February 18, 2016 Last Updated 12:27 pm

FCC ruling on TV set top boxes a major blow for cable companies, new opportunity for tech giants

Today’s ruling could be just the opening Apple, Google and other technology companies have been hoping and waiting for

The Federal Communications Commission (FCC) today may have just blow wide open the market for cable Tv set top boxes – those damn devices Comcast and others force on consumers, and that consumers generally think are technologically antiquated.

The ruling today, approved on a 3-2 vote, says consumers should be able to choose their own TV equipment. The two “No” votes, by the way, were from the Republican commissioners. This same 3-2 vote occurred over the issue of net neutrality.

“Today, the Commission begins the process of unlocking the set-top box marketplace and unleashing the benefits of competition,” said FCC Chairman Tom Wheeler.

According to the FCC, the Congress has mandated that there should be competition in markets including phone services and TV. As an example, you can have your cell service with Verizon or AT&T, but they can’t force the consumer to use their phones – hence Apple, Samsung and others now dominate the market for smartphones (and before them Blackberry and Nokia).

But if you are a cable TV customer you lease the TV set top box from the provider. Those days may be over soon.

“Ninety-nine percent of pay-TV customers lease set-top boxes from their cable, satellite or telco providers. There is no competitive market, contrary to statutory mandate,” Wheeler said. “U.S. consumers, are paying $231 a year to rent those boxes; collectively, these consumers are spending $20 billion annually. And, according to one analysis, over the past 20 years, the cost of cable set-top boxes has risen 185 percent while the cost of computers, televisions and mobile phones has dropped by 90 percent. One of these markets is competitive; the other is not.”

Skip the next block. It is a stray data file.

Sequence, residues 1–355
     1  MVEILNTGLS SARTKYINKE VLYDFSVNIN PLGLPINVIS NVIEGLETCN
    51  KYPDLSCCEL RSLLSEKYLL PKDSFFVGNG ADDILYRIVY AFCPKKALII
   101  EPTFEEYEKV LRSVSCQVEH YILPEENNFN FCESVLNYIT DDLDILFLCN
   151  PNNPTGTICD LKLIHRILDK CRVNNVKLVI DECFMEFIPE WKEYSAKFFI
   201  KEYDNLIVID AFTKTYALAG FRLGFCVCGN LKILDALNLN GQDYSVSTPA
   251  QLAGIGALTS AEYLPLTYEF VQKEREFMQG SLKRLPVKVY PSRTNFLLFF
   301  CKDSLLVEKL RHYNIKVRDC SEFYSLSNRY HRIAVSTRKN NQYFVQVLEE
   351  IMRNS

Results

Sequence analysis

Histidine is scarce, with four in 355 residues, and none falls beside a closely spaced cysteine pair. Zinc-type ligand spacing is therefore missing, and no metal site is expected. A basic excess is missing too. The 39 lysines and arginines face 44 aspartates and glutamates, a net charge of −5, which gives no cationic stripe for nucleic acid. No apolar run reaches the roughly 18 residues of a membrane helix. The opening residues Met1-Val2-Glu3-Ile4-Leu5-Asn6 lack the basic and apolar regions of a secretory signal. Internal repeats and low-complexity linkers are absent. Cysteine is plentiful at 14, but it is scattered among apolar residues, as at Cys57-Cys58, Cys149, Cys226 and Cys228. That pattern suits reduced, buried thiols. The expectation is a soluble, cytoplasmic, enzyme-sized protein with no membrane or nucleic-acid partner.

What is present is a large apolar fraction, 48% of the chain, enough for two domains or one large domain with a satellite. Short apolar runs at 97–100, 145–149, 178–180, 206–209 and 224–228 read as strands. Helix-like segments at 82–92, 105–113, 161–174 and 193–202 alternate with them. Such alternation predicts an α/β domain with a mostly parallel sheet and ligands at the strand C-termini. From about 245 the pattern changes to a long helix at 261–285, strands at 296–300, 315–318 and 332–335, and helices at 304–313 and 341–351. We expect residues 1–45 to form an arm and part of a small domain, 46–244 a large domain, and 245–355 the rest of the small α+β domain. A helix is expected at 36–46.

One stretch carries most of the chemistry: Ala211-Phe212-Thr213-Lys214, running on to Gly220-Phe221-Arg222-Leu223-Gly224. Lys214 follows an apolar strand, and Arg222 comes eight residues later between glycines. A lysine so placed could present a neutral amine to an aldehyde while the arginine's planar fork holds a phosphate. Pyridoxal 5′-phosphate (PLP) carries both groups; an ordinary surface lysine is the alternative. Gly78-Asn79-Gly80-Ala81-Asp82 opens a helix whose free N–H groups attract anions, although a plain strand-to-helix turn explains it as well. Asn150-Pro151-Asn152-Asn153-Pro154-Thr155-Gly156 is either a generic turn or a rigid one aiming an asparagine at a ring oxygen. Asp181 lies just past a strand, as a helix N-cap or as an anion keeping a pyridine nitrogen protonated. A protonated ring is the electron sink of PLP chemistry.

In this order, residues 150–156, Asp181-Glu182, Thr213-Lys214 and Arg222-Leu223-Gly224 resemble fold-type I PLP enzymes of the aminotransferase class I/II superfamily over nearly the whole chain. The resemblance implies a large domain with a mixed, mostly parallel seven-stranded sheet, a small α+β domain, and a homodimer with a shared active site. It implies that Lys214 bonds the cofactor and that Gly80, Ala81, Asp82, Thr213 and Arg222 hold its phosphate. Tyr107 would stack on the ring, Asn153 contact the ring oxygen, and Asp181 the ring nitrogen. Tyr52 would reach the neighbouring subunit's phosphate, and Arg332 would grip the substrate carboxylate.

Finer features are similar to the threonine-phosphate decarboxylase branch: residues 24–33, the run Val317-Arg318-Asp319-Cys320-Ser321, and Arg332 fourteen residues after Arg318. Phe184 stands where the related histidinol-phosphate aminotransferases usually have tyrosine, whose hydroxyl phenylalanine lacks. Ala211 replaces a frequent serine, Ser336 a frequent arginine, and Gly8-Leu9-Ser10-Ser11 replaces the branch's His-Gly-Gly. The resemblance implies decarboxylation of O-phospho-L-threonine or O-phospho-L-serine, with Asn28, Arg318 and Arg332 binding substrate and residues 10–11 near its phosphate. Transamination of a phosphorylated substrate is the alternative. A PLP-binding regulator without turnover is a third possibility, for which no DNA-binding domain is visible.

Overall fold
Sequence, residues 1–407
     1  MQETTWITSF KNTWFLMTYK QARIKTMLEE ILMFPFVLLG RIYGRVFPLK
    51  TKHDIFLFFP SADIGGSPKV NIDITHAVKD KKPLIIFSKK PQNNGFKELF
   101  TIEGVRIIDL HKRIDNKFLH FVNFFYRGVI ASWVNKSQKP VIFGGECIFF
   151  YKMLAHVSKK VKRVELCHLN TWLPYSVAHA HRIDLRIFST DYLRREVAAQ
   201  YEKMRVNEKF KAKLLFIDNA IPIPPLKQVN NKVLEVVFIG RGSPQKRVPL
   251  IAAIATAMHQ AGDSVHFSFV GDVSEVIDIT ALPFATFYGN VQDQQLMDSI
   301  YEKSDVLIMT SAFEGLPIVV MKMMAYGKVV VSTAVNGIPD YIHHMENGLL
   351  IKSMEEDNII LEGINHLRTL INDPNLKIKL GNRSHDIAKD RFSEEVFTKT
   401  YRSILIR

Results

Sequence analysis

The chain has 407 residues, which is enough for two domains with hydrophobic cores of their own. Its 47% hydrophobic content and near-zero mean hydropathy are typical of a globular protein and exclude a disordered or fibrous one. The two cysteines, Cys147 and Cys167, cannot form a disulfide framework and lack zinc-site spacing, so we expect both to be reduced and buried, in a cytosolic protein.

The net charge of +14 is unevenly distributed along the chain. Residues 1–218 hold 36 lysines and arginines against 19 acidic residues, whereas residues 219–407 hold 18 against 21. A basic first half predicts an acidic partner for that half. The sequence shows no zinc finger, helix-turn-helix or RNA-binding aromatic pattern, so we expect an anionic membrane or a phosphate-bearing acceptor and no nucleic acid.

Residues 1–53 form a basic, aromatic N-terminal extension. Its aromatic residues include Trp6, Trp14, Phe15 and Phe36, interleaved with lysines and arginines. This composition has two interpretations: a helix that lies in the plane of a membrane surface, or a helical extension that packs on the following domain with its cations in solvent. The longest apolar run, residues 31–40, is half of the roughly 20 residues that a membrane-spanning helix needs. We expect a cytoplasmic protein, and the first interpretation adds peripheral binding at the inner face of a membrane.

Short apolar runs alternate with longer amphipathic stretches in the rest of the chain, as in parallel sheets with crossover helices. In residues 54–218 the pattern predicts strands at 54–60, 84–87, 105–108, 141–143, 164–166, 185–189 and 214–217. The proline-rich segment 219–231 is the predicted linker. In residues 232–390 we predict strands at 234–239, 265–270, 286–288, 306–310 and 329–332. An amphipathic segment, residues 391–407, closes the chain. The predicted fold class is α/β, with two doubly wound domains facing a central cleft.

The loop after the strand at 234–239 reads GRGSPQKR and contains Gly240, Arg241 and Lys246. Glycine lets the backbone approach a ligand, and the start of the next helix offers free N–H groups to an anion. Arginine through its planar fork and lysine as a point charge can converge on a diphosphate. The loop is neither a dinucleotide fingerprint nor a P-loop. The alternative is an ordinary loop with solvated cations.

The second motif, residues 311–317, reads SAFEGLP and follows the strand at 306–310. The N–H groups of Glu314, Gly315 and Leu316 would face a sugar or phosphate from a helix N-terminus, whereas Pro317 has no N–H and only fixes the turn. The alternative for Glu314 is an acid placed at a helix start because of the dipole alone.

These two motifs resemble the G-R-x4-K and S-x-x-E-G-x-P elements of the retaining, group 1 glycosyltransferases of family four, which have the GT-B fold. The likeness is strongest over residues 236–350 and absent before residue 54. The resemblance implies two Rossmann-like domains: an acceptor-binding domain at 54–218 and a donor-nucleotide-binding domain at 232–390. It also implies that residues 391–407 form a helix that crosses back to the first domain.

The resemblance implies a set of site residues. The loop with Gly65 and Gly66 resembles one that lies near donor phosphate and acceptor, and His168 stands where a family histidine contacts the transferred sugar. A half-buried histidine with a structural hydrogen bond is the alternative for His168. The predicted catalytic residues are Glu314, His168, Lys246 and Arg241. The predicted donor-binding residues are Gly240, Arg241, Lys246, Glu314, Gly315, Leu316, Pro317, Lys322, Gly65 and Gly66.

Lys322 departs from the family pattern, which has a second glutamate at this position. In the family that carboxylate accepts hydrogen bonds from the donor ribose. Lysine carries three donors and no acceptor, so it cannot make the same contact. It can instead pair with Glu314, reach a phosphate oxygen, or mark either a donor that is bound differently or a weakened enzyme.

Companies are now weighing in on the ruling.

“We are hopeful that this proceeding results in a competitive environment that increases choice, both for consumers and operators, and protects the business models that operators and device makers have created under the current CableCARD system,” TiVo said in a statement.

Comcast, you might not be surprised, was less than thrilled.

“The FCC’s action is disappointing – but not because the Commission voted to consider how to increase consumer choice in retail devices,” said David L. Cohen, Senior Executive Vice President and Chief Diversity Officer in Public Policy. “That’s a worthy goal that we support as well. The Commission’s divided action is flawed because it ignores the FCC’s own technical advisory committee report and instead puts the Commission’s thumb on the scale by endorsing a government-mandated technology solution.”

“It is really not clear to us that any new regulation is needed to encourage innovation and in fact would actually hinder it,” Stanton Dodge, general counsel of Dish Network Corp, said.

Obviously, the cable industry had two advocates at the FCC.

FCC commissioner Ajit Paj, one of two who voted “No”, objected to the ruling by saying that the goal “should not be to unlock the box; it should be to eliminate the box,” saying that the FCC’s solution was “a 20th century approach to this 21st century problem.”

But the commissioner did sympathize with consumers.

“As someone with three set-top boxes in my home, I share the frustrations felt by millions of Americans across this country. These boxes are clunky and expensive, and I feel the pain each and every month when I pay my video bill. And as an FCC Commissioner, I know that the current set-top box marketplace is the product of an intrusive regulatory regime. Something has to change,” Paj said.

Michael O’Rielly’s objection was with the ability of the FCC itself to make any ruling. But commissioner Mignon L. Clyborn pointed to Section 629 to the Communications Act that he said mandated that the FCC ensure “that a competitive navigation device market exists for access to multichannel video programming.”

“While the costs of other technologies have fallen as competition increased, the cost of the set top box has risen by more than three times the rate of inflation for American pay-TV subscribers over the same period,” Clyborn said.

“This item proposes, not adopts, but proposes, to provide a technology neutral means for consumers to choose how they interact with the multichannel video programming services they pay for. If a consumer wishes to purchase a device or application to access this programming, this proposal will empower that choice. If a consumer chooses to continue to rent a box or app from their MVPD, they have the option to do that too.”

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